Nataša Jagdhuhn studied art and art education in Belgrade, Vienna, and Ljubljana from 2003 to 2008. After earning her degree she worked as a freelance journalist with a focus on post-conceptual art, theater, and performance. In 2013 she completed a Master’s degree in “Art in Context” at Berlin University of the Arts. As an artist, curator, art and history communicator she has conceptualized and (co-)organized numerous exhibits. She developed the concept of the educational center at the “AVNOJ” museum in Bosnia and Herzogovina. Since 2015 she has been a research assistant and doctoral candidate at the Europäisches Kolleg Jena.
Telefon: +49 (0)3641 944 491
On the Path to a Performative Museology in Post-Yugoslavian Spaces:
A Comparative Cultural-Historical Analysis of Representations of the Second World War in Commemorative Museums (working title)
This dissertation investigates the representations of the Second World War at memorial sites in the successor states of Yugoslavia. By means of comparative analysis, the phenomenon of museum transformation after the dissolution of Yugoslavia will be discussed using the following state museums as case studies: the “21 October Museum” and the “Kadinja?a” memorial site in Serbia; the “Museum of the Second AVNOJ Session” and the “Kozara” / “Sutjeska” / “Neretva” memorial sites in Bosnia and Herzegovina, as well as the “Jasenovac” and “Lipa” memorial sites in Croatia.In their manner of presenting the past, museums in the successor states of Yugoslavia show a tendency to view the history of the Second World War through the lens of the more recent wars of the 1990s. In this context, the aim of this comparative study is to document and analyze the process of nationalization of the historical perception of the Second World War in museums in Serbia, Bosnia and Herzegovina, and Croatia, their points of divergence and convergence with current trends in memory politics in the rest of Europe, as well as the continuities and discontinuities of museum standards in former Yugoslavia.How has the perception of the Second World War in museums changed since the dissolution of Yugoslavia? Museum transformation will be viewed from a museological (“how”) and historical (“what”) perspective by analyzing two museum practices: exhibits and commemorative ceremonies. The theory of “performative museology” will serve as a methodological tool.The theoretical framework is provided by specialist literature from the areas of museum studies, historiography, performance studies, and cultural studies.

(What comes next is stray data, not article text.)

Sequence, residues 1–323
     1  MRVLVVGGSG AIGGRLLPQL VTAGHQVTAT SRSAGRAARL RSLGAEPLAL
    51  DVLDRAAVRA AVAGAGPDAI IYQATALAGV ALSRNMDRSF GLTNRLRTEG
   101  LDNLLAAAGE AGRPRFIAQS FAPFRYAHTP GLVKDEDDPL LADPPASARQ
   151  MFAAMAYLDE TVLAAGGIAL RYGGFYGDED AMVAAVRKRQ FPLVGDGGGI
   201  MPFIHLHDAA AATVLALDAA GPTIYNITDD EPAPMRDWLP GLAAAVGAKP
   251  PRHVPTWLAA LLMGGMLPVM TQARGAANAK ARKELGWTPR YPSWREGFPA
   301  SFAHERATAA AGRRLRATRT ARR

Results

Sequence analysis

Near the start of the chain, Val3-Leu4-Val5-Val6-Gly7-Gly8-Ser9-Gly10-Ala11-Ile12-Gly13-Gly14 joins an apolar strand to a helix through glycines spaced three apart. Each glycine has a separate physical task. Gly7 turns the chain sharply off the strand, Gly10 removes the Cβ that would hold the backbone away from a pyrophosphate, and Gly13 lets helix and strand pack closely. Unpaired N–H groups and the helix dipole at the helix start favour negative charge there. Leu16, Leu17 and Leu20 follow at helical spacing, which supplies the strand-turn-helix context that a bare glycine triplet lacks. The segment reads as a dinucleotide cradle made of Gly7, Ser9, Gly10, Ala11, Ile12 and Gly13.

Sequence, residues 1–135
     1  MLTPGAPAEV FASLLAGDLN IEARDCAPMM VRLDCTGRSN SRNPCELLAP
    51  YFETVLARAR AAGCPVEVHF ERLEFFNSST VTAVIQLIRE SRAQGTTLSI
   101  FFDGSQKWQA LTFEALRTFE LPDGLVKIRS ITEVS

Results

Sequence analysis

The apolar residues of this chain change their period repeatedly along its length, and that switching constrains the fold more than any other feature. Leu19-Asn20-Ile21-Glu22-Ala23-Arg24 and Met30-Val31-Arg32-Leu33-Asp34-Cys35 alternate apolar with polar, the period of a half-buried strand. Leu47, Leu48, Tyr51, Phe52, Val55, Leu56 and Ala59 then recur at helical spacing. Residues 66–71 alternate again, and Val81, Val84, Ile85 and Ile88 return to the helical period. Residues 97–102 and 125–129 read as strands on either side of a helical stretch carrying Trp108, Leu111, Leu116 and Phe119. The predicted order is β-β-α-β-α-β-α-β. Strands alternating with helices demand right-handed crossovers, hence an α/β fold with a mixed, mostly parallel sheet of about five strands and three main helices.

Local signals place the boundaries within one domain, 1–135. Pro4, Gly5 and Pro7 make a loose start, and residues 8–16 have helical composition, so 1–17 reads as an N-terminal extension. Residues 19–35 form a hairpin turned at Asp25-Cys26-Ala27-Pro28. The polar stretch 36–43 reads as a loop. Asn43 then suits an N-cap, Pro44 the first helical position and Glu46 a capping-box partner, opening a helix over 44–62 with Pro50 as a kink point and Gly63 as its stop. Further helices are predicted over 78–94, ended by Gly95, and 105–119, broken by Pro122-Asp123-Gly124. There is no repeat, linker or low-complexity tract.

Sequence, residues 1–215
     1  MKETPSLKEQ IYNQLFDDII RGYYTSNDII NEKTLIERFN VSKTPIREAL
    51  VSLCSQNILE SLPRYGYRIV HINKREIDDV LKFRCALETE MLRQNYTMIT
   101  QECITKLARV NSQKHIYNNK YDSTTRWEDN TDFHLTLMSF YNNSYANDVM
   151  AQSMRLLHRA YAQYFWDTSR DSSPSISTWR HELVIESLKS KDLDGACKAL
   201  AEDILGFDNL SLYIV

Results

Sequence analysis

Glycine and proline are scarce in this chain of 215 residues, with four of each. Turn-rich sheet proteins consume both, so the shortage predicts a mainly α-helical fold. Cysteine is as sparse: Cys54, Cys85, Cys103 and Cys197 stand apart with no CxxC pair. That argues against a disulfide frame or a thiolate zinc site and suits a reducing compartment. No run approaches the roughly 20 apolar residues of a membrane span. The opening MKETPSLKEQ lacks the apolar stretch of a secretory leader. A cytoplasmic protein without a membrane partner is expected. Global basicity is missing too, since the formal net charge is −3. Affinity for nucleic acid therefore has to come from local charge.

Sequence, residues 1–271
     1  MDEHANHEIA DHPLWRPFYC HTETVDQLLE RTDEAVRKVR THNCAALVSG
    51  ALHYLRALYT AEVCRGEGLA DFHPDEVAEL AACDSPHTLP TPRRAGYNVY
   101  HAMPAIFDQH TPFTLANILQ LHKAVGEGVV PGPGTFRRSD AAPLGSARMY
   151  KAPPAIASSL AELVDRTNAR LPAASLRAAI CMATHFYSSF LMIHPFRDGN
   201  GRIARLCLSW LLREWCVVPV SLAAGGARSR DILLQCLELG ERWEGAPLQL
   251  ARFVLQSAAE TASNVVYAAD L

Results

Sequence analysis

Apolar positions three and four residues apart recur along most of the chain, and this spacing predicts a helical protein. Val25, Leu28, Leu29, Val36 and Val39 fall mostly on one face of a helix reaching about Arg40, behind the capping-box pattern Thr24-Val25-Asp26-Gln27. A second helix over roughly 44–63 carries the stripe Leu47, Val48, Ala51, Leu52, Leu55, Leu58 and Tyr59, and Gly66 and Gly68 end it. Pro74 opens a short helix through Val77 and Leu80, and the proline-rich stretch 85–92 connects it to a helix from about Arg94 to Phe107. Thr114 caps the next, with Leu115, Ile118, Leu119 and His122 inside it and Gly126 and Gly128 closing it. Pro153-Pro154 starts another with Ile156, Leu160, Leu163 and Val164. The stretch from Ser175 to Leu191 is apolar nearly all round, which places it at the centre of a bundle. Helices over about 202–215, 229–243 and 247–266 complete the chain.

Memory constructs in the successor states of Yugoslavia
Museum transformation in the post-socialist countries of Europe
Museum studies and the “performative turn”
(In collaboration with Vedrana Madžar and Zorka Obreni) „Jüdische Identität im sozialistischen Jugoslawien, 1945-1952“ [Jewish Identity in Socialist Yugoslavia, 1945–1952], Online publication of the Geschichtswerkstatt Europa 2012.
Ulrike Löffler studied history, English language and literature as well as pedagogy in Jena. During her university years, she worked as teaching assistant and student aid in the field of 20th century history. She spent the academic year 2012/2013 at the University of California, Berkeley as Visiting Research Scholar studying the university’s contemporary reactions towards National Socialism. From 2014 to 2016 she was on the academic staff of the chair of Public History in Jena. Since March 2017 she has been a research associate and doctoral candidate at Europäisches Kolleg Jena.
The Pedagogy of Memorial Sites in Germany. An Investigation into Attempts at Teaching about National Socialism since the 1980s (working title)
Social movements are a known characteristic of the 1980s in West Germany. Next to the more prominent ones, there was a lesser known and much smaller grassroots campaign that advocated and fought for the installment of concentration camp memorials throughout the country. Albeit small, the movement was not at all unsuccessful: During the 1980s new memorial sites and exhibitions were set up among others in Flossenbürg, Essen, Neuengamme, Breitenau, Papenburg, Wewelsburg and the existing ones were revised and enlarged as in Dachau and Bergen-Belsen. Since then, the number of memorial sites across Germany has grown continuously, accompanied by the development of memorial site pedagogy (“Gedenkstättenpädagogik”) into a quasi-independent subfield of pedagogy. However, a historical perspective on the pedagogy of memorial sites is still missing. The PhD project aims to fill this research gap with a comprehensive study of the concepts, contents, aims and methods as well as rationales of teaching about National Socialism at German memorial sites since the 1980s. It can, thus, be positioned at the intersecting fields of history, history of education and didactics of history.
In analyzing how the history of National Socialism was presented and taught at memorial sites, it is important to appreciate the role of the individuals involved in that work since their varying backgrounds, priorities, implicit theories, individual motivations and understandings of the broader topic decisively shaped the respective concepts and contributed to their specific rationales. For this reason, the study partly follows an actor-centered perspective.
Cultures of history in Germany and the USA
Didactics of history teaching / Holocaust Education
History of Education